SIGGRAPH 2012: In Search of the Miraculous



Art Show Overview:

Wonderment. Mystery. Awe. Einstein believed these to spark the inspiration of both the arts and sciences. Explored within a conference where terms like Art, Science, and Technology are seemingly interchangeable, this would seem a natural place for an exhibition inspired by the same. Indeed one can trace the history of the museum (both Art and Science) to the 16th century Wunderkammer (“wonder-room”), literal Cabinets (and Rooms) of Curiosity, filled with wondrous and exotic objects from the then still unknown world (combining specimens, diagrams, and illustrations from many disciplines; marking the intersection of science and superstition; and drawing on natural, manmade, and artificial worlds). Ironically, these collections, means by which the unknown was empirically and symbolically conquered, also emancipated these superstitious unknowns of their mysterious auras and solidified them to description. And so it moves, Galileo ungods the cosmos and the world learns to spin to logic and reason. So much so that by the late 18th century the Romantic Movement arose in reaction to the Enlightenment’s scientific rationalization of nature and society, preferring the viscerality of strong emotions (of horror, terror, awe and wonderment) as the only way to have an authentic aesthetic experience. And so this dichotomy is still at hand, empirical rationality now entwined with capitalism’s logic define and optimizes our world, leaving in its wake an alienated society longing to feel something more.

The title of the exhibition, “In Search of the Miraculous,” comes from the final work of the artist Bas Jan Ader (an earnest yet fateful performance that saw the artist lost at sea while attempting a solo journey across the Atlantic Ocean), and shares with it a certain romantic sensibility of both hope and melancholy, of the individual (at once both heroic and tragic) within the universal. It is perhaps strange to title an exhibition with this charge when preceded by a century arguably full of more miracles than humankind has ever encountered, albeit through the innovations of none other than ourselves. But perhaps it is due to such trajectories, in a world shrunk by mediating technologies and copious amounts of data, that one is left thinking, What happens when everything is explained away? In a world of Wikipedias and Wikileaks, of mediated social networks greater than nations and geographies, what remains of that authentic experience? When You Tube bit spectacles and mediated warfare debacles color our experiences, can anything still be held in wonder? Perhaps we are at a particular precipice at this time (modernity, postmodernity, capitalism, communism, democracies, revolutions, oh how you have all let us down), the way things are cannot proceed lest we truly destroy it all. Thus, before we burst forth again with 2.0 solutions for it all, perhaps a repose is required, a momentary prick if you will, to escape the doldrums of the everyday and repower the imagination.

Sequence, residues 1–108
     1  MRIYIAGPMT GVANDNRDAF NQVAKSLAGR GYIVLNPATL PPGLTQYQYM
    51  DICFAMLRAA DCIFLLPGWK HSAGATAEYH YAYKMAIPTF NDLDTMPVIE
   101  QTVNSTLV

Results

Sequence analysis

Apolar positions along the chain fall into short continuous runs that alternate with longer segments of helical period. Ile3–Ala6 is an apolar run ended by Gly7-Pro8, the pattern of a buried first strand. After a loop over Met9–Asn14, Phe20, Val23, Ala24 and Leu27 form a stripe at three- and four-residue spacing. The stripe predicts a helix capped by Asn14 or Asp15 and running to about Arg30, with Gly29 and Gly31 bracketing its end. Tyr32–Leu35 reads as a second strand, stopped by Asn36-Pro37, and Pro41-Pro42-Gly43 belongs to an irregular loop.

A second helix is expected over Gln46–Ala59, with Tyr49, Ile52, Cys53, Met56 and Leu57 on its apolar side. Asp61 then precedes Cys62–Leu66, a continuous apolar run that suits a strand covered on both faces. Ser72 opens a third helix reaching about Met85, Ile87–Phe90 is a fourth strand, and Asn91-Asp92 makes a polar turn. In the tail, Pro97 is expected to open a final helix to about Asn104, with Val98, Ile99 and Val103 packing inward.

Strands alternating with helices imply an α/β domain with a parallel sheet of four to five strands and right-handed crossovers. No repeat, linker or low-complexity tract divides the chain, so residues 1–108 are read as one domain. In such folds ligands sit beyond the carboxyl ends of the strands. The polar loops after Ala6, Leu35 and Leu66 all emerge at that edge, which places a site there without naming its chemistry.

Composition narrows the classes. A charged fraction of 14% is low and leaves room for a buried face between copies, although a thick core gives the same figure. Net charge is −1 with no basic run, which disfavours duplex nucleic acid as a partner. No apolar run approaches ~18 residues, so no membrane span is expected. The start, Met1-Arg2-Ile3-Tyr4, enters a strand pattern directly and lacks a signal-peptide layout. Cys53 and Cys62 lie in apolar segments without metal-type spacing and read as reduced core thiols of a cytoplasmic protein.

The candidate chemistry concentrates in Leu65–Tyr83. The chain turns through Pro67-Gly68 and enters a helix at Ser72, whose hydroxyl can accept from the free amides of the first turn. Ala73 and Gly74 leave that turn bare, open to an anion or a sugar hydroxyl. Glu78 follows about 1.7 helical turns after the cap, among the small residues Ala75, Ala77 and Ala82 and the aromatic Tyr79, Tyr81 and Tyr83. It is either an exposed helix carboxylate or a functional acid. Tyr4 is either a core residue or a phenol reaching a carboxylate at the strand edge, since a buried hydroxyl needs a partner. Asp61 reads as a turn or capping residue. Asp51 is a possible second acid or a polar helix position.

The call for submissions was purposefully ambiguous and unspecific, based not on any particular thematic premise but rather on sentiment; simply an open call for works that both inspire or are inspired by moments of awe, surprise, mystery and wonder. The works selected for the Art Gallery by the 2012 jury are simply a reflection of the emergent aesthetic zeitgeist, a collection of 12 artworks each in their own manner reflecting on the wondrous. Interestingly in a ubiquitously digital world, many of the works move towards the physical and analog. Not a turn towards ludditery (many projects are quite technically complex) but perhaps a reflection of a pervasive ennui for the digital. Certain themes also emerge; nostalgia, for places been or places imagined, for the aura of the pre-cinematic now lost to mass media; reflections on time, stilled for infinity or moved by heartbeats; relationships, of the real and virtual, or imaged as moments between; and of the laboratory, turned inside out, revealing itself as aesthetic matter. But as one reflects on this 21″ century Wunderkammer, what echoes most profoundly is that the miraculous is no longer to be found out there but is simply the reflections from within. Call me a heretic but Galileo was wrong – we are the center of the universe.

Osman Khan, University of Michigan


Exhibition Artworks: